Tanzania To Implement Climate-Smart Farming Techniques To Boost Agriculture Sector

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Tanzania’s Ministry of Agriculture, Food Security and Cooperatives has recently announced that it will soon release the Climate-Smart Agriculture Guidelines program on the Ministry’s website, meant to improve smallholders’ farming techniques to reduce the impact of climate change on crop production.

The program is within the scope of the Climate Change Agriculture and Poverty Alleviation (CCAP) project which was launched in October, 2012 and that is being financed by the British Department for International Development (DFID) and the Danish International Development Agency (DANIDA).

The Climate-Smart Agriculture Guidelines program is an additional government’s initiative to support small-scale farmers to address climate change mitigation and adaption by the implementation of climate-smart techniques to reduce deforestation and greenhouse gas emissions, explained Mrs. Shakwaanande Natai, Head of Environment Management Unit at the Ministry of Agriculture.

These climate-smart techniques have so far helped to increase crop production and local districts authorities are closely working with Tanzania Forest Conservation Group (TFCG) to spread their use further, explained District Head of Land Use and Marketing Information Network, Mr. Mark Farahan.

Climate-smart small-scale agriculture is being implemented in six villages in Kilosa and Chamwino districts in Dodoma and Morogoro, Tanzania’s central region.

The area was chosen by the Food and Agriculture Organization of the United Nations (FAO) as a pilot program in Tanzania which together with Kenya are being benefited with CCAP projects.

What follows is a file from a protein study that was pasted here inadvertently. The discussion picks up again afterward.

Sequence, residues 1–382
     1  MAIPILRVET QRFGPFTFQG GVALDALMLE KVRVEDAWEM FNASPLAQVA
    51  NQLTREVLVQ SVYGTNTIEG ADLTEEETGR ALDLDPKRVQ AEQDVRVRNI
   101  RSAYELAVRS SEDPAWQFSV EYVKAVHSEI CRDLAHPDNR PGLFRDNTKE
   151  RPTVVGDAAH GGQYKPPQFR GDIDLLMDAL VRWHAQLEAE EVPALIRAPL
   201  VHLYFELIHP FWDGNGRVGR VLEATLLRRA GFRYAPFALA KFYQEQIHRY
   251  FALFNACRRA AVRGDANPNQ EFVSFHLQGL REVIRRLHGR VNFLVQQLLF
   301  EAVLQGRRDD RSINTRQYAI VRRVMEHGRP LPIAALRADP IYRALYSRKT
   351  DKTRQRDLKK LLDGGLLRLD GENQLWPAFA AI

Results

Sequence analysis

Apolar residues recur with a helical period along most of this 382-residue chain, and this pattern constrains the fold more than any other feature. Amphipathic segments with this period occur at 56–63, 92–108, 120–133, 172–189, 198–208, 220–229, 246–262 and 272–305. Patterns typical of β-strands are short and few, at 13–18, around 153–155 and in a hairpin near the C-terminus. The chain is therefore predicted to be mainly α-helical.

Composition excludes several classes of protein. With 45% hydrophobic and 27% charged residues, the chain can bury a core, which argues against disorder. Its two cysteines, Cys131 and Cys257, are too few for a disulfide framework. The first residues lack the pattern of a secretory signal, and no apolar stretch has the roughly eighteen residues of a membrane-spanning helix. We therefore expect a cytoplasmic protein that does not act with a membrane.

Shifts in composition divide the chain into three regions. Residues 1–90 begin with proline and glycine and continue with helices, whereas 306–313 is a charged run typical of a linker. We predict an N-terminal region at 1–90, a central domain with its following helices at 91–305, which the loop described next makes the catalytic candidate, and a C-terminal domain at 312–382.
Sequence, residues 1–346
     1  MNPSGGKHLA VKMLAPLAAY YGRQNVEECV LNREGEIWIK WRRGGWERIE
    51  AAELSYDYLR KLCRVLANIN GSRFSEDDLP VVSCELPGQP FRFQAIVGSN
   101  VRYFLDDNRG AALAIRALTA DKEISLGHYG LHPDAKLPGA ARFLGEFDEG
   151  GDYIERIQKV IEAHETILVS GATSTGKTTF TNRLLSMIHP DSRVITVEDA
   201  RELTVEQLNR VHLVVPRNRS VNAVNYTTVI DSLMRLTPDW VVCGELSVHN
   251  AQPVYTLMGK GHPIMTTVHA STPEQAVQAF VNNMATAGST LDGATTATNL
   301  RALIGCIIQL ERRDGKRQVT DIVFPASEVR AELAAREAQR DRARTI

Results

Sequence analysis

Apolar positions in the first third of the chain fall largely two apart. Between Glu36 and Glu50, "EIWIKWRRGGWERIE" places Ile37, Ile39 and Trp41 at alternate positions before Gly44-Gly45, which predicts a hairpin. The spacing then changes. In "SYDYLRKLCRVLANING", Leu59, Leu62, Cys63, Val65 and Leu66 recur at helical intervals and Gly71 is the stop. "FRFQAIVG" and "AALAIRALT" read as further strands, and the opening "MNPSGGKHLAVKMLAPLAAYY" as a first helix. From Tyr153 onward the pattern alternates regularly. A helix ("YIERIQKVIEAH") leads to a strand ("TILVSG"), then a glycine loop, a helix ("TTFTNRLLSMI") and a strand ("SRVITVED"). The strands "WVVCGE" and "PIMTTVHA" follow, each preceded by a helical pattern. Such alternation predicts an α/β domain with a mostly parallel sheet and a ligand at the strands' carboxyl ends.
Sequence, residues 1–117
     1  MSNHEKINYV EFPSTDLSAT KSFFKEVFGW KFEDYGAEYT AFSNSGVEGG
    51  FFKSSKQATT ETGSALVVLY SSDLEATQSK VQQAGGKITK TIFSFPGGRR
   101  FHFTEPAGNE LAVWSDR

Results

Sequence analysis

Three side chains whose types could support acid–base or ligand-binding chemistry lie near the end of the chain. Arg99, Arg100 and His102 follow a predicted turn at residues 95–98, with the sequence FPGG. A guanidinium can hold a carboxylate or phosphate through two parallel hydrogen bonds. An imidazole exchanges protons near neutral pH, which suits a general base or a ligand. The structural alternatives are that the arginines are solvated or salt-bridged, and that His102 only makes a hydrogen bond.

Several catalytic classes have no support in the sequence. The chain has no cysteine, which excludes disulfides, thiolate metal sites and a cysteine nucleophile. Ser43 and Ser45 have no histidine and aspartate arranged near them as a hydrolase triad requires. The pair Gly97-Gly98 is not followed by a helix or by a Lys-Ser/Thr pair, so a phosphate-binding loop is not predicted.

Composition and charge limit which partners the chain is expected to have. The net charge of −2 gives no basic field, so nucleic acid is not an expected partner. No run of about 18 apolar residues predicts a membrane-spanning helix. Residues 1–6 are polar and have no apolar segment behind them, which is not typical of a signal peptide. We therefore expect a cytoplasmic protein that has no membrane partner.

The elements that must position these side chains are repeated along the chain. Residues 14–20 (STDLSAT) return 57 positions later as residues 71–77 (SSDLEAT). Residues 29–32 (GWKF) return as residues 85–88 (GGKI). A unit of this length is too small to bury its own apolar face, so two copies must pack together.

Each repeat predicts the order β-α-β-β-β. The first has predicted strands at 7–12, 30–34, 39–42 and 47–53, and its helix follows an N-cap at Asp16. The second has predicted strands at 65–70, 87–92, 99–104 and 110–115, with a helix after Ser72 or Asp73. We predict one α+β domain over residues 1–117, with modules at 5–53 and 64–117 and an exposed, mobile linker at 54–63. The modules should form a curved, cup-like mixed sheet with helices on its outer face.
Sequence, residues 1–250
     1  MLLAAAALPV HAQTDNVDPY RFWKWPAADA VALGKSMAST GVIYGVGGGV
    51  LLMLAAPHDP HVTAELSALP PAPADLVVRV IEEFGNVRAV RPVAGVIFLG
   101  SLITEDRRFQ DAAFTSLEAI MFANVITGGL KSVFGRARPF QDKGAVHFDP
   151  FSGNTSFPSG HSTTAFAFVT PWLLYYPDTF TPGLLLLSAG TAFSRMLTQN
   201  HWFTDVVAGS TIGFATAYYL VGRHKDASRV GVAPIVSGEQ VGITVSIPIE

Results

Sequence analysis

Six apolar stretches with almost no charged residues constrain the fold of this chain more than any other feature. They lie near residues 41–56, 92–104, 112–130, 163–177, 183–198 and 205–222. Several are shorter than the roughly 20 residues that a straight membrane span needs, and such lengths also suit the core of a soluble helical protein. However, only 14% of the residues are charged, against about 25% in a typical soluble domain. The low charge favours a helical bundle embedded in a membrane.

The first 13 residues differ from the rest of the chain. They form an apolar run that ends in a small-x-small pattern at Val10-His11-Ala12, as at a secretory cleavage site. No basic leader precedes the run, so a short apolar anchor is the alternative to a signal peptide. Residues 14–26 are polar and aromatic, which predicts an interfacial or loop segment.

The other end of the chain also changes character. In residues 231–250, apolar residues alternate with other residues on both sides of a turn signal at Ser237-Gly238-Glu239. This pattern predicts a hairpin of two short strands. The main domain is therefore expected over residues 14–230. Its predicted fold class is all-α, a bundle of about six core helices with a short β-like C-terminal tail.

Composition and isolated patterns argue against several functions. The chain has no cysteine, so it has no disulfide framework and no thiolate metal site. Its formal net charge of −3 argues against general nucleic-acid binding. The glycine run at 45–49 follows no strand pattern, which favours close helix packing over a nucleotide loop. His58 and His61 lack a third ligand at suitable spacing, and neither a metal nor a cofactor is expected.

According to TFCG, the different projects being developed to implement climate-smart farming techniques have had positive results for small-scale farmers as improved profitability and better life quality.

Strengthening knowledge and tools for climate change adaptation is the last project being implemented in the pilot area at a total investment of GBP 1.5 million provided by DFID and that will be completed by March, 2016.

According to Tanzania’s National Adaptation Plan for Action (NAPA), agriculture is the second most vulnerable sector to the impacts of climate change by affecting the rainfall which has shifted from the October/November period to December/January in the last years, affecting crop plantation.

In addition, an increase on temperature of 0.7 degrees per annum since 2004, is making the lands more arid affecting the crops by increasing their evapotranspiration rate then water needs which currently experiences a shortage since climate change reduced its levels.

According to Tanzania’s Ministry of Agriculture, the adverse effects of climate change are reducing the crops subsector contribution to GDP at a rate of 2.47% per annum.